Jean-Luc Moulène

Exhibition review published in ArtReview (London), vol. 69 no. 2, March 2017, p. 99.

Running in parallel to a supposed retrospective at Centre Pompidou that Jean-Luc Moulène twisted into what he calls a ‘retro-prospective of protocols’ featuring mainly new sculptures from 2015–6, Ce fut une belle journée at Chantal Crousel also presents an ensemble of recent works: 16 previously unshown hybrid objects, supported by knowingly naïve drawings and two videos. Whereas the sixty-one-year-old Frenchman gained recognition during the late 1990s for his work in photography, his practice has since become essentially sculptural, leaving art critics chewing their nails over the impossible mission of defining his overtly anarchistic, shape-shifting aesthetics. The way the artist verbalises his ideal sculptures should give you a hint as to why. Here is an attempt to paraphrase bits and pieces of conceptual gibberish from his latest interviews: “my utopia for artworks is to produce mind tools to describe complexity, using mathematical knot and set theories to affirm disjuncts based on Michel Journiac’s notion of body as conscious social meat.” Got that? Me neither.

Armed with the knowledge that mathematical knots are embedded circles with no ends to tie – not unlike Moulène’s heteroclite exhibitions – and for the sake of proceeding through this review without resorting to Journiac’s performed cannibalism in his 1969 Messe pour un corps (he offered his public a sausage made with his own blood), I’ll turn to Seule au sommet, Paris, 2016 (2016), displayed in the back of the gallery. According to the artist, this statuette, made from seashells and epoxy resin, was inspired by Bubu, mascot of the French literary review Le Grand Jeu (1928–32). This fictional character is the offspring of Baubo, a mythological female figure often represented with her face in the body and her vulva in the chin, and Ubu Roi, the leading protagonist of the 1896 eponymous play by Alfred Jarry, who was not only the French precursor of Surrealism, but also the inventor of ’Pataphysics, the wonderfully absurd science of imaginary solutions. (As chance would have it, for months I’ve contemplated joining the Collège de ’Pataphysique in exchange of a modest €40 fee, taking my commitment to useless research and nonsensical digression very seriously.)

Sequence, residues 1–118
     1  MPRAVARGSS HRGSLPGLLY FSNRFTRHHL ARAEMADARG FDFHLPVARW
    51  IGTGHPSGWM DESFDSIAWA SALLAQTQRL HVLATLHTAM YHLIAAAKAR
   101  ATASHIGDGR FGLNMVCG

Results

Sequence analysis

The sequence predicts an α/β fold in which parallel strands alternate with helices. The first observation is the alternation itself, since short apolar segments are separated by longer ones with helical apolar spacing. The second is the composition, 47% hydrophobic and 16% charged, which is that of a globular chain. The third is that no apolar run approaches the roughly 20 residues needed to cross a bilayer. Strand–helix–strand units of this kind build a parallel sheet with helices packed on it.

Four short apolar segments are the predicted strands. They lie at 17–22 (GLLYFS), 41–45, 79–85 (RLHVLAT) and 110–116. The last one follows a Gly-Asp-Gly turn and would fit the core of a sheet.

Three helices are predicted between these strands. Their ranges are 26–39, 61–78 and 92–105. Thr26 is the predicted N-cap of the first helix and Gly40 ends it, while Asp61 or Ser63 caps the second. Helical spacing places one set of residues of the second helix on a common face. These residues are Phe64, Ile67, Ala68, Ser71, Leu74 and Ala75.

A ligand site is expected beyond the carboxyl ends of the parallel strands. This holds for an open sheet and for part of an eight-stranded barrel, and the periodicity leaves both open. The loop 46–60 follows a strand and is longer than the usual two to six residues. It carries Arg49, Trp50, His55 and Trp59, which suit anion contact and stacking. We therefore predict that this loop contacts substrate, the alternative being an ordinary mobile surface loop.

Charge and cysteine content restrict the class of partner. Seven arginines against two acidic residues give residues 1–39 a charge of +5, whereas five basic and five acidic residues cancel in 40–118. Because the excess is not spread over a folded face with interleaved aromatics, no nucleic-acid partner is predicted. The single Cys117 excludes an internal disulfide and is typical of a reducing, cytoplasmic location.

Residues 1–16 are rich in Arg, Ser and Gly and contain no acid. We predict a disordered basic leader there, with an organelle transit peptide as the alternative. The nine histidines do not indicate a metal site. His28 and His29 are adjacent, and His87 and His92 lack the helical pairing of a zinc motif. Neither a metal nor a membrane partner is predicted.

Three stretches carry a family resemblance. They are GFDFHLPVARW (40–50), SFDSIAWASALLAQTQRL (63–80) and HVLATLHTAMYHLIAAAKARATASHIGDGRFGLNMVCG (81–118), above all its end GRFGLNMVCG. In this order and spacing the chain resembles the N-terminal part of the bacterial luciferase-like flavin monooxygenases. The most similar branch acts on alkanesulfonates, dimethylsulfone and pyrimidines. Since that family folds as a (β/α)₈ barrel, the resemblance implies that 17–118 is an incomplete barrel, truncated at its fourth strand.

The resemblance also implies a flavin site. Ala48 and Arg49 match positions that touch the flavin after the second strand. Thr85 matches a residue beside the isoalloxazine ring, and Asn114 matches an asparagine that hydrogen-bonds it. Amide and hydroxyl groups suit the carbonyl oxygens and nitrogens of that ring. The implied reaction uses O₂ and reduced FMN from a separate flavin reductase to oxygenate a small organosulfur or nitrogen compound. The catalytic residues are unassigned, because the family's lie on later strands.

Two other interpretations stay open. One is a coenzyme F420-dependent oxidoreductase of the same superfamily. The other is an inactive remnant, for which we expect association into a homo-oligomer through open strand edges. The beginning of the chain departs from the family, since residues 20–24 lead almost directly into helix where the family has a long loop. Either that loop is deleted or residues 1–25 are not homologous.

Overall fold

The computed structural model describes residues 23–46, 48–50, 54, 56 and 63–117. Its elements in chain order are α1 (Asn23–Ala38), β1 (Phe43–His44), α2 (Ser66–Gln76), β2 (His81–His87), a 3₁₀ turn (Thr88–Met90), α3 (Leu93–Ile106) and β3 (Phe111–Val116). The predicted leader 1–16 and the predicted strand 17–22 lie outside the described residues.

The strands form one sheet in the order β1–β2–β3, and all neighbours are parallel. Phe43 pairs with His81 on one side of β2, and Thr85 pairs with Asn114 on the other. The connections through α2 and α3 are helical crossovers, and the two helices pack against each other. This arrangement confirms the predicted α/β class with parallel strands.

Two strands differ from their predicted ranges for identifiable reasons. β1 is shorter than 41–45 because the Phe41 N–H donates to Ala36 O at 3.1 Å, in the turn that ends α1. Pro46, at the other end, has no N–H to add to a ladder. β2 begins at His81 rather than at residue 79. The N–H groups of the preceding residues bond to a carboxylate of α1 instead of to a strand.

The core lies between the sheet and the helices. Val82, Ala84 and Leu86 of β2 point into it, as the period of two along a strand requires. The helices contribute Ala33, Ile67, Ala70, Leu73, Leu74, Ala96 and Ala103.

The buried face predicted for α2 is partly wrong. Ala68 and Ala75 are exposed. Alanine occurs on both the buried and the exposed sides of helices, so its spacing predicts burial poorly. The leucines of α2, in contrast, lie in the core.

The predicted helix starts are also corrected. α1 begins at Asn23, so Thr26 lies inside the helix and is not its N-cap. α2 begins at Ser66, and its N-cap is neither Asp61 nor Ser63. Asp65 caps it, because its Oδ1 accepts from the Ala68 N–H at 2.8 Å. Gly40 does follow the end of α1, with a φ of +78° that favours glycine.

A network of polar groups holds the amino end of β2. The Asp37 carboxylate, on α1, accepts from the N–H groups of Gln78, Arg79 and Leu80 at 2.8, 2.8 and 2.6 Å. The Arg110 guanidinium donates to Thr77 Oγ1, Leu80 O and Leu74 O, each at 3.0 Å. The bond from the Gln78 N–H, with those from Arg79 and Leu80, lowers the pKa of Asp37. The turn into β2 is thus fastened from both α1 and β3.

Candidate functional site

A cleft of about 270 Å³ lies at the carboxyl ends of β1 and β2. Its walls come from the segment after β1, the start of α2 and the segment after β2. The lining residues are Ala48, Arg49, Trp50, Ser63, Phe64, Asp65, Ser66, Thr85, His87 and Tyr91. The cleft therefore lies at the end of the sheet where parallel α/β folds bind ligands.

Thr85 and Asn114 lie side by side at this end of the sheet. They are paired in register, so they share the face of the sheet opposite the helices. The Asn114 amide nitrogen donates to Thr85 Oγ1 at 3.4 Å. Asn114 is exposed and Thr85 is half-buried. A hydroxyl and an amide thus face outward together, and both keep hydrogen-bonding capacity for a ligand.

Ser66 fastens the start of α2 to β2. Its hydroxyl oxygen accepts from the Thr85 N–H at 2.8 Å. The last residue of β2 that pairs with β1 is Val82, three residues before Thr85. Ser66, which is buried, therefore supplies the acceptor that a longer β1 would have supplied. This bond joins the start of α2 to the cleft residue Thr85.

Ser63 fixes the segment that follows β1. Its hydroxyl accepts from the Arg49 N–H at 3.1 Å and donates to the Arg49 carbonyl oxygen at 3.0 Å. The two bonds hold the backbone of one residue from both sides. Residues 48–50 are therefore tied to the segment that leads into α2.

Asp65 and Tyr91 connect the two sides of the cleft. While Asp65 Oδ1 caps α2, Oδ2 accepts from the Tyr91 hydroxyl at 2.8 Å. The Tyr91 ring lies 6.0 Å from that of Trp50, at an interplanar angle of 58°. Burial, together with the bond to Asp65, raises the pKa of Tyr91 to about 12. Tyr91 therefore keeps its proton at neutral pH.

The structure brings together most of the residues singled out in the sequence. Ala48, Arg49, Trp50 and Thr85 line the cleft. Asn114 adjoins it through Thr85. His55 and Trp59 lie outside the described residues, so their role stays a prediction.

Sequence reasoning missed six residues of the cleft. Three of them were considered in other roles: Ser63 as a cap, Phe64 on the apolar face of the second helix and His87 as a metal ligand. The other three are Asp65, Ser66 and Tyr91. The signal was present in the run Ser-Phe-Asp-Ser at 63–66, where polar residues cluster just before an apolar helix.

Now call me crazy, but I swear I heard Bubu whispering to me: Surveying the images and captions of his curious artefacts – among others, the stunning reptilelike Créature, Paris, 2016 (2016) covered with false nails, the wood knot Tête couronnée, Paris, 2013 (2013) crowned with five of the artist’s teeth, the portmanteau work ConquOs, Paris – Mexico (2016) joining together a bone and a conch shell, as well as Silex neufs, Barneville, 2013 (2013) and Poing, Barneville – Paris, 2016 (2016), both brain-shaped assemblages of flint chunks – the overall ensemble begins to read as some kind of an anthropological display, : André Leroi-Gourhan. Leafing through the latter’s 1965 masterwork Le Geste et la parole, one might stumble upon this passage, which roughly translates into: ‘Australanthropians seem to have possessed their tools the same way as an animal has claws […] as if their brains and bodies had gradually exuded them.’ Pataeureka!

It is now with a renewed faith in the nonsensical, then, that I’d like to advance the following hypothesis: For example, in the show, which remains mostly organic, this subversion additionally assumes the form of Inverse – Reverse, Barneville – Paris, 2016 (2016), an intricate assemblage of branches covered with blue and red paint, which suggests a vascular system, and Silver Puke, Paris, 2013 (2013), a rounded arabesque of spoons, whose shape is equally reminiscent of a rotavirus (the agent that causes vomiting and diarrhoea). Whether or not you’ll choose to validate my ’pataphysical proposition, Moulène’s art is to neurons what an oyster is to gustatory cells: an exquisite acquired taste.

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